2693161493_191153491d_zAbout a week ago, I noticed that I was fast approaching my 500th post on Appellate Strategist. The occasion seemed to call for something different, so I started pondering what I might want to write about.

As it turns out, this comes at a time of transition over at Appellate Strategist‘s sister blog, the Illinois Supreme Court Review. This morning, we’re announcing the beginning of the second phase of our empirical study of the Illinois Supreme Court’s decision making – a data analytic deep dive into the Court’s oral arguments in civil cases between January 1, 2008 and December 31, 2014.

For purposes of developing this addition to our empirical database on the Court’s work, over the past two years I reviewed the videotapes of every oral argument at the Court in a civil case from 2008 through 2014, charting the patterns of the Justices’ questions. So today for Post No. 500, a top fifteen list of do’s and don’ts derived from the past seven years’ worth of oral arguments at the Court.

  1. May It Please the Court. Yes, you have to start your argument with these words. In 233 oral arguments, the total number of advocates I can recall not beginning this way – zero. That’s not a streak you want to be the first lawyer to break, particularly since some appellate judges and justices have suggested that it’s mildly disconcerting when a lawyer doesn’t follow the tradition. Besides, there’s a lot to be said for a tradition that connects our profession back to its common law foundations. Bryan Garner points out that the phrase appears in Ben Jonson’s The Poetaster in 1601 and Volpone in 1606, but there’s also something very close to the traditional phrase in the courtroom scene at Act IV, Scene 1 of Merchant of Venice, which was written three to five years before The Poetaster. I suspect that Antonio’s “Ready, so please your grace” in Merchant is probably a clue to the origins of the phrase as a gesture of respect from the days when the king or a local duke presided over the Court. By the end of the sixteenth century, the phrase was obviously so common that Jonson and Shakespeare – neither one an attorney – knew to include it in a courtroom scene.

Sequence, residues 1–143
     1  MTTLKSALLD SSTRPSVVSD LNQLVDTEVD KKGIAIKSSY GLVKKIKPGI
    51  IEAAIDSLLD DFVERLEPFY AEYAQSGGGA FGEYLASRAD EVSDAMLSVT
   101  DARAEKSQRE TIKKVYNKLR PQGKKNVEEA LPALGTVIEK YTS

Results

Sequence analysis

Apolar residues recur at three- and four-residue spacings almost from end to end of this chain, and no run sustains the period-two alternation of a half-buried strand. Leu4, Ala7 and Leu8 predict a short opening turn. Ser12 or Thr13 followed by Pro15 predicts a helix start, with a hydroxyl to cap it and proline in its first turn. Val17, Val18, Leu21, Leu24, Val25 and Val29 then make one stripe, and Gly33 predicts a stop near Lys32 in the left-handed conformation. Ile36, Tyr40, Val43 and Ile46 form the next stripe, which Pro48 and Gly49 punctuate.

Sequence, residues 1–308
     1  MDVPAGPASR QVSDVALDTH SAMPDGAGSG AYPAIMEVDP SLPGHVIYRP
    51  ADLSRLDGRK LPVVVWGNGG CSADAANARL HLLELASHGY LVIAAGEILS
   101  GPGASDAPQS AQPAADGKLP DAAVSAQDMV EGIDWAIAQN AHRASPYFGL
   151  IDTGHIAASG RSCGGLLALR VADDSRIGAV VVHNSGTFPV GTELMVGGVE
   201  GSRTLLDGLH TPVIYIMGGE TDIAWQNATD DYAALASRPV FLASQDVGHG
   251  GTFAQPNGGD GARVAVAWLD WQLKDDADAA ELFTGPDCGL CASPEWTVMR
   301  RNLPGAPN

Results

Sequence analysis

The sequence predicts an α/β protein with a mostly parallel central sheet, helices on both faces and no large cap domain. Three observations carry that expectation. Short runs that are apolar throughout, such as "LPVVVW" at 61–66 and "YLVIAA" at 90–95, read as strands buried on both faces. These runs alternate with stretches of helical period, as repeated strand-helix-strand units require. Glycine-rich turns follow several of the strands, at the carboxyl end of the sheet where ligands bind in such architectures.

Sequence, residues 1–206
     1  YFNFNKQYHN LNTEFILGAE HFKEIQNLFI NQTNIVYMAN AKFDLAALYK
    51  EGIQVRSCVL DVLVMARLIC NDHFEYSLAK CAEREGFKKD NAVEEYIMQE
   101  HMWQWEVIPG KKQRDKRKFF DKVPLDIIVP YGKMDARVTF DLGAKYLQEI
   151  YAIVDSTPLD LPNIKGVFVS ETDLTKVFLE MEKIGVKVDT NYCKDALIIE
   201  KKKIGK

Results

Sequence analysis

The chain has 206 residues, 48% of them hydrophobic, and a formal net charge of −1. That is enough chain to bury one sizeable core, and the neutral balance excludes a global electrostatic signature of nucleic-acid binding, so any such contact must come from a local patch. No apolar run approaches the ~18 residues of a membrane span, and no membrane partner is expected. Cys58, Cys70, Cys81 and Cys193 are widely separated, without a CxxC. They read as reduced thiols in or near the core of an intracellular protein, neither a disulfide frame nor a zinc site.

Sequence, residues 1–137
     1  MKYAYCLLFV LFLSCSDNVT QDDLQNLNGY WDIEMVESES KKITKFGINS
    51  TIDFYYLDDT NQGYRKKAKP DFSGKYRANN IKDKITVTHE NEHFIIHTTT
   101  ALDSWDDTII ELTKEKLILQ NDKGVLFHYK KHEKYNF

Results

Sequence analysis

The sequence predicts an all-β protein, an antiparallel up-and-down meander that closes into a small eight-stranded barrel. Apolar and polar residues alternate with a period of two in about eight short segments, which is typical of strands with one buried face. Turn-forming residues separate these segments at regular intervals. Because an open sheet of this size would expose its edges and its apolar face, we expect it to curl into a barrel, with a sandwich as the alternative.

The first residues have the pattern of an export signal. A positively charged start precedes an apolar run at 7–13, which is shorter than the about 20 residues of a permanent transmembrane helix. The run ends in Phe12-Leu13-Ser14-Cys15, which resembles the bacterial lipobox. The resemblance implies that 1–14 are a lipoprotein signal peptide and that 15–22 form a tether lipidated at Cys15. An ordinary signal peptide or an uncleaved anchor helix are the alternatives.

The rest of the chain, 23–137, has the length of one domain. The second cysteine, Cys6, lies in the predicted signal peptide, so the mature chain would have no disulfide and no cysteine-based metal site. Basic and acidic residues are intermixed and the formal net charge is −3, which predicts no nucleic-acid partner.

1. Introduce Yourself, and the Identify the Party you Represent. The second thing you say, right after “May it Please the Court.” A lot of people forget to do it, and you don’t need to have your momentum broken in the first moments of your argument by such an unforced error.
  1. Check Out the Accoustics. If you’re not familiar with the Supreme Court’s courtroom, go for the beginning of the Call of the Docket your case is on – if not the day before. While sitting in the gallery, practice identifying the Justice speaking and where on the bench he or she is located with your eyes closed. Taking a moment to identify the questioner is an embarrassment you don’t need (and it’s happened quite a number of times in the past seven years).
  1. No Visual Aids. There’s some disagreement about this one among commentators on oral argument, but I say no easels with charts, blown-up photographs or maps in the appellate courts ever. Patent cases may be an exception, but I think visual aids are reminiscent of jury closing arguments – not the impression you want to give in an appellate court.
  1. Stay behind the microphone. The Court records the oral arguments for good reason, so stay behind the microphone. No wandering around during your argument, whether to move closer to a Justice asking a question, to retrieve a file or any other reason.